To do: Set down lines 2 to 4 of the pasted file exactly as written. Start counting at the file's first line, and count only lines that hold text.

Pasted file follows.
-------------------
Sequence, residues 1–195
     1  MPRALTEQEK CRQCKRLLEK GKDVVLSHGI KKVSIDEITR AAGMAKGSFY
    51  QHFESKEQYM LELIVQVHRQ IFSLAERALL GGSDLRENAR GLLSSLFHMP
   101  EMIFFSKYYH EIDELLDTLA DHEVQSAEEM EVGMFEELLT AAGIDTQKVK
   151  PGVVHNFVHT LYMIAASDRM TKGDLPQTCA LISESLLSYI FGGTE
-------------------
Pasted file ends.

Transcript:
     1  MPRALTEQEK CRQCKRLLEK GKDVVLSHGI KKVSIDEITR AAGMAKGSFY
    51  QHFESKEQYM LELIVQVHRQ IFSLAERALL GGSDLRENAR GLLSSLFHMP
   101  EMIFFSKYYH EIDELLDTLA DHEVQSAEEM EVGMFEELLT AAGIDTQKVK